Cordish Companies, the developer that bid for 4,750 slot machines at a site adjacent to the Arundel Mills Mall, says that the site will provide the local economy with a much-needed boost. Kim Damion, corporate director of marketing, said in an e-mail that the site will bring an average of $30 million a year in tax revenue to Anne Arundel County. In addition, Damion said, the project will create about 4,000 jobs, “most of which will be filled by local residents.”
Though he opposed November’s slots referendum, Anne Arundel County Council Chairman Ed Reilly said that he will support zoning legislation to bring slots to Arundel Mills Mall. “The voters have spoken in Anne Arundel County,” the Republican said, citing the income the county will receive from slots as their biggest advantage.
Reilly said that he can’t predict the outcome of the rezoning vote, because the council is divided, with two council members undecided.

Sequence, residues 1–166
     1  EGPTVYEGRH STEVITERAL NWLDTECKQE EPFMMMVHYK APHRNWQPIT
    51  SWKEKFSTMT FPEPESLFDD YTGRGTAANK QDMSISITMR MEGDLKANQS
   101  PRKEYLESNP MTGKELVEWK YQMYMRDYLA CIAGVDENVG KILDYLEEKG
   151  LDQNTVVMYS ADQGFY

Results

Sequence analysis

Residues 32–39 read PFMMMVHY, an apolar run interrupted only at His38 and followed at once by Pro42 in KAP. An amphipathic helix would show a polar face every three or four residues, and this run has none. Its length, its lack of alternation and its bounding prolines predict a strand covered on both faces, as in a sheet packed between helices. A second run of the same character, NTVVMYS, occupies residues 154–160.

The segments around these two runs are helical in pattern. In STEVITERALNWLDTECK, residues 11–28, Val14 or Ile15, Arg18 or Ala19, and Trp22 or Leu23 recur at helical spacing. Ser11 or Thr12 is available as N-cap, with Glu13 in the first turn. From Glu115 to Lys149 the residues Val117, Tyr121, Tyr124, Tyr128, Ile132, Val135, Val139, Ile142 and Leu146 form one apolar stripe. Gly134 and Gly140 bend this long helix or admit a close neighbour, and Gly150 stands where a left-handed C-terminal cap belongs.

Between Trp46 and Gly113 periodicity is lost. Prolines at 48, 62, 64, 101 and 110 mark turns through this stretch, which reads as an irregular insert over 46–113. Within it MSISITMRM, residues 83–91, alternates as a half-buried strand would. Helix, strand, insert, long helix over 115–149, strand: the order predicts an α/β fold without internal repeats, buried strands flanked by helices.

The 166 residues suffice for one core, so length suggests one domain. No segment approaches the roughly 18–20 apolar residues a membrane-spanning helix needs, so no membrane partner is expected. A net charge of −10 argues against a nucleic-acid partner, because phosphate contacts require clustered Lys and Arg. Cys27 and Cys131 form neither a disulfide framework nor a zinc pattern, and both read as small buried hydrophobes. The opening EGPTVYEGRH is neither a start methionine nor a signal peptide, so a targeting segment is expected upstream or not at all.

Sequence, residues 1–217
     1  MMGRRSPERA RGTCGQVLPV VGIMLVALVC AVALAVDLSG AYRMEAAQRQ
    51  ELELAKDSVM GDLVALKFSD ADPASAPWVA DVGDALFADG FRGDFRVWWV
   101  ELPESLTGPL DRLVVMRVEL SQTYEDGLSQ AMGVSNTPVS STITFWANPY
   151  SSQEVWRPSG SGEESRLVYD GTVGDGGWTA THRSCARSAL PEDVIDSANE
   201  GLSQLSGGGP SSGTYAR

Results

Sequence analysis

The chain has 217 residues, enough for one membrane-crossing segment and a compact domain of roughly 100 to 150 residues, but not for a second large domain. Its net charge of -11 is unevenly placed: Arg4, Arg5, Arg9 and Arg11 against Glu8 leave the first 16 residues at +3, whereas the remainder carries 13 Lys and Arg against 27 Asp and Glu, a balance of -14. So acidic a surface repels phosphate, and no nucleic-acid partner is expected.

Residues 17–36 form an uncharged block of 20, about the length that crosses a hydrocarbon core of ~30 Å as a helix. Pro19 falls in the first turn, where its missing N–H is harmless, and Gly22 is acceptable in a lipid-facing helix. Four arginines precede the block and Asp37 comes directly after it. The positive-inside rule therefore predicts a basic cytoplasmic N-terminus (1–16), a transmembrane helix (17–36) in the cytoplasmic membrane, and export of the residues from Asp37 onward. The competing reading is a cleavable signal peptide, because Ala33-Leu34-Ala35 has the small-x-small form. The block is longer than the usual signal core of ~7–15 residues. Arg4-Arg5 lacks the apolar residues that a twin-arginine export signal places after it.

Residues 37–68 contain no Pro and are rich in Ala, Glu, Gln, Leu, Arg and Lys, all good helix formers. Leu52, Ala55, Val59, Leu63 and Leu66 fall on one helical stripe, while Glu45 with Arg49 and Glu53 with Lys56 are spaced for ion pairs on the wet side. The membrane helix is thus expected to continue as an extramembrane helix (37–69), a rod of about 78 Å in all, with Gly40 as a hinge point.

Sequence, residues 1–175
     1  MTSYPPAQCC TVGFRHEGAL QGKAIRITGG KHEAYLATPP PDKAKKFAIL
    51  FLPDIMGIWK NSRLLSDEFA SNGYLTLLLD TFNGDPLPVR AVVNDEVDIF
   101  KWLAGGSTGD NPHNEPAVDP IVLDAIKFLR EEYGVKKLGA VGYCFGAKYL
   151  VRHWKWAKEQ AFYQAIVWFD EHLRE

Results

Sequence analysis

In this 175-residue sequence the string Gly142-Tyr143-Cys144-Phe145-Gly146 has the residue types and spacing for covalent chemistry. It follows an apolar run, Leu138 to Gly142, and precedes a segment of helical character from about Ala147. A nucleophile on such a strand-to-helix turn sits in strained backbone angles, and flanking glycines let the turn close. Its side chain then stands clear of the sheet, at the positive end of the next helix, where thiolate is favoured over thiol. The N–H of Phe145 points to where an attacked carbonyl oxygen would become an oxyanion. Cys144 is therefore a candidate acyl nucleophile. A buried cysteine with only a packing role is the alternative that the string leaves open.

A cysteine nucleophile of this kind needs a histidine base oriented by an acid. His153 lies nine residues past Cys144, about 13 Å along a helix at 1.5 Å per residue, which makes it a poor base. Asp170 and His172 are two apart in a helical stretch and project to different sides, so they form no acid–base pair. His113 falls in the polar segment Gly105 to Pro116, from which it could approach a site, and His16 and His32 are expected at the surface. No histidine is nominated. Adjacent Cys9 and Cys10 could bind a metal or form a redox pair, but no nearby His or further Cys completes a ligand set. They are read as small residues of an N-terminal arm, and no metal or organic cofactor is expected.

Knickelbein has harsh criticism for supporters. “All they think of is money,” she said. “And they don’t care where it comes from, even if it comes from the people who can least afford to be separated from their money.”
When she first got involved in the slots fight, Knickelbein said she helped organize groups from her church to attend hearings and express their opposition to slots. In 1995 she helped found NOCasiNO-Maryland, an organization devoted to raising awareness about the potential negative impact of the gaming machines in Maryland.
“We thought we’d won the battle” in 1996, Knickelbein said, when the Joint Executive-Legislative Task Force to Study Commercial Gambling Activities in Maryland issued a report recommending that the state maintain its prohibition against commercial gambling.